Dividends fascinate some investors. Many are looking for a steady long-term source of income. Others, though, are looking for a quick buck. So a common question from the Easy Money crowd is whether you can buy a stock just before the dividend is paid and sell it just after to make a quick profit without investing for the long term. The answer is: Maybe. Here’s how dividends work.
The Three Key Dates for a Dividend
It’s important to understand how dividend payments are made. The company paying the dividend wants to know who to issue the cheques to and for how much before the actual day the cheques are payable. Otherwise they would always be late making the payments.
The Record Date or Date of Record
So the company sets a date to take a snapshot of who owns their stock. This is called the Record Date. A shareholder must officially own their shares on the Record Date to receive the next dividend payment. What makes them “official” owners is whether they have been entered into the books as the owner of those shares.
The Record Date is NOT the date you enter your order to buy a stock and your order is filled.
When you place an order to buy stock and someone agrees to sell it to you the clock starts ticking towards the Settlement Date. At the start of business on the third day after your request to buy stock was accepted, you become the official owner of the shares.
You’ll see it reported on your Transaction History as the Settlement Date.
The timing of the Settlement Date is standard. It dates back to the days when the paper share certificate had to be physically delivered to the new owner or the new owner’s broker. Getting it out of a safe or safe deposit box and couriering it to the new owner took time. Even now when most share certificates are electronic and can be transmitted instantly, the Settlement Date is still Trading Day plus 3 Business Days, making you the official owner on the third business day. This is sometimes reported as T+3.
For a clearer example,
I put in an order for CGX (Cineplex) on Tuesday, May 28.
The order filled May 28.
The money was taken from my account May 28.
The trade settled on Friday, May 31.
I became the Owner of Record on May 31.
When Is It Too Late to Buy a Stock to Get the Dividend?
As described in an article discussing things to consider before buying a stock, you must purchase a stock BEFORE the Ex-Dividend Date if you want to get the next dividend.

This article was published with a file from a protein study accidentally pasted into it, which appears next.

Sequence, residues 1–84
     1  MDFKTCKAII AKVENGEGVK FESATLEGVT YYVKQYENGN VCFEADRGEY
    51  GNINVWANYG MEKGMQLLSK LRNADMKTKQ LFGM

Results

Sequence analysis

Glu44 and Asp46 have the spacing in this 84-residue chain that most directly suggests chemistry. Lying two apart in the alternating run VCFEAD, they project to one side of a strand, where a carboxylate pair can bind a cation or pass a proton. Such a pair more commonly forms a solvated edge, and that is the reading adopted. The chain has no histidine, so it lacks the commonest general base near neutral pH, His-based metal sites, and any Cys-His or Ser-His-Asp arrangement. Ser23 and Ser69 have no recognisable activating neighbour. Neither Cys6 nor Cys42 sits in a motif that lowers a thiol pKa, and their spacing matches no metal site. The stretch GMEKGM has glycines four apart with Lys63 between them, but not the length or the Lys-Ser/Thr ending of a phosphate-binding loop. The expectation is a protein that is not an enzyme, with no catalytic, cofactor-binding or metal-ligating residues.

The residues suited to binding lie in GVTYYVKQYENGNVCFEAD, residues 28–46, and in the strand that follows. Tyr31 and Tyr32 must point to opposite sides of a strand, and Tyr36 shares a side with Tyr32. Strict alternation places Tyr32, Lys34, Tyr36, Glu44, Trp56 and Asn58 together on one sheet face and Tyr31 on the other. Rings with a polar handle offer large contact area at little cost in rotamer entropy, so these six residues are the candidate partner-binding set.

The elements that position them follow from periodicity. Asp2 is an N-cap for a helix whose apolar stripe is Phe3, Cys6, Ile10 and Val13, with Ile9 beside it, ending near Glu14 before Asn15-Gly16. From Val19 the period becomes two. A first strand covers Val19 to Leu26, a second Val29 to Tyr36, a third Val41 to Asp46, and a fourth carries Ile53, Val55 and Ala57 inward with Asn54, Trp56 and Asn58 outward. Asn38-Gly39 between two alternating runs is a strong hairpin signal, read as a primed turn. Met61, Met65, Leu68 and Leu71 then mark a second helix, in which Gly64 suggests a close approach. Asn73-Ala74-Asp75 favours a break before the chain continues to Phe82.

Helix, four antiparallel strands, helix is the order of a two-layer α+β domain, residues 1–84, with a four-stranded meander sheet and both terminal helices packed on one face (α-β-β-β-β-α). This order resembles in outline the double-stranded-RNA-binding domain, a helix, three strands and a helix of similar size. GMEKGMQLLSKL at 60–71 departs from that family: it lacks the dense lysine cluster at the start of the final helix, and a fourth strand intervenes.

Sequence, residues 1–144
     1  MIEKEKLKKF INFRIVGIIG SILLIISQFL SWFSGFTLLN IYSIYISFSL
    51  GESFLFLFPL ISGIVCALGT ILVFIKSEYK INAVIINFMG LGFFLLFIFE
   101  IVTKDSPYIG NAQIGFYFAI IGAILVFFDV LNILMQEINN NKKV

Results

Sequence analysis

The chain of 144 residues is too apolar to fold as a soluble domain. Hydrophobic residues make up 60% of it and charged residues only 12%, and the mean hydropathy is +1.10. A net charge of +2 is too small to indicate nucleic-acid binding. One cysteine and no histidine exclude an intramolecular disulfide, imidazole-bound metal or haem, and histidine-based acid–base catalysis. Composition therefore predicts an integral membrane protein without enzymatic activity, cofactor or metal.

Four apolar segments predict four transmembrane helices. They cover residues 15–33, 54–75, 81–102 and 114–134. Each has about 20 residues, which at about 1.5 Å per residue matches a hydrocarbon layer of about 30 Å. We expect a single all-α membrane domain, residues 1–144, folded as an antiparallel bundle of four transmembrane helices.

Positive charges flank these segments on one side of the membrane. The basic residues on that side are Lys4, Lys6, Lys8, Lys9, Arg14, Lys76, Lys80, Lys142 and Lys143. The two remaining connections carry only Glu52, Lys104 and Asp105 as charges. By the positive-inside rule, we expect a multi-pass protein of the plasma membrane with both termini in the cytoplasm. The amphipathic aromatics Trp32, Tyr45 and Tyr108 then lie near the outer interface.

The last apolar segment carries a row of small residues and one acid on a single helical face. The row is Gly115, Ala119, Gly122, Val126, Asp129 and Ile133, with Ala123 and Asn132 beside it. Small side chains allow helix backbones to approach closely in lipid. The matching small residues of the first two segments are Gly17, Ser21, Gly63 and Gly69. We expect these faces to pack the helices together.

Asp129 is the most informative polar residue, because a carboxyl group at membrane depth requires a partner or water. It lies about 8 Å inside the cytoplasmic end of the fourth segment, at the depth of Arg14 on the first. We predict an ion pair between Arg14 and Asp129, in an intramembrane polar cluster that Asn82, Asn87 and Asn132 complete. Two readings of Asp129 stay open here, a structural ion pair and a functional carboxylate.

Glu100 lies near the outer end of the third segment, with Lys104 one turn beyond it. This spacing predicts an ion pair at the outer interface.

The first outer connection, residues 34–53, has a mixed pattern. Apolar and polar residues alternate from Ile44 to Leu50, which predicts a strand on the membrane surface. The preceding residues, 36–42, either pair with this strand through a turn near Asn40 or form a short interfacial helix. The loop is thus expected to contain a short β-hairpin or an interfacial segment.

The Ex-Dividend Date is the second business day before the Date of Record. That’s because you have to buy the shares 3 business days before the date you need to be the owner. So the last business day you can buy and get the next dividend is the business day before the Ex-Dividend Date.
Dividend Payment Date
This is the date on the dividend payment cheques.
Where Can I Find These Dates?
The best place to find the Date of Record and Payment Date is on the company’s Investor Relations’ Page. Some websites also show the Ex-Dividend Date but not all of them.
Although most trading screens show the Ex-Dividend Date, most do not show the Payment Date.
So If I Buy Before the Ex-Dividend Date and sell on the Ex-Dividend Date Then I Can Make a Quick Buck, Right?
Companies don’t actually want you to flip their stock. They want investors not speculators. Stock Markets themselves don’t want you to flip either. While they can’t stop the practice, they can try to take the profit out of it.
Say you buy a stock at $50 a share on the business day before the Ex-Dividend date. You sell it on the Ex-Dividend date. The dividend will be $0.50 a share. It’s a pretty stable stock that doesn’t bounce around much, so you assume you can sell it for $50 at the opening of trade.
Even though the stock closed at the closing bell at $50, it was immediately adjusted down by the dividend to an Adjusted Close of $49.50.
The stock price will be manually adjusted downwards for the value of the dividend before the next open of the market.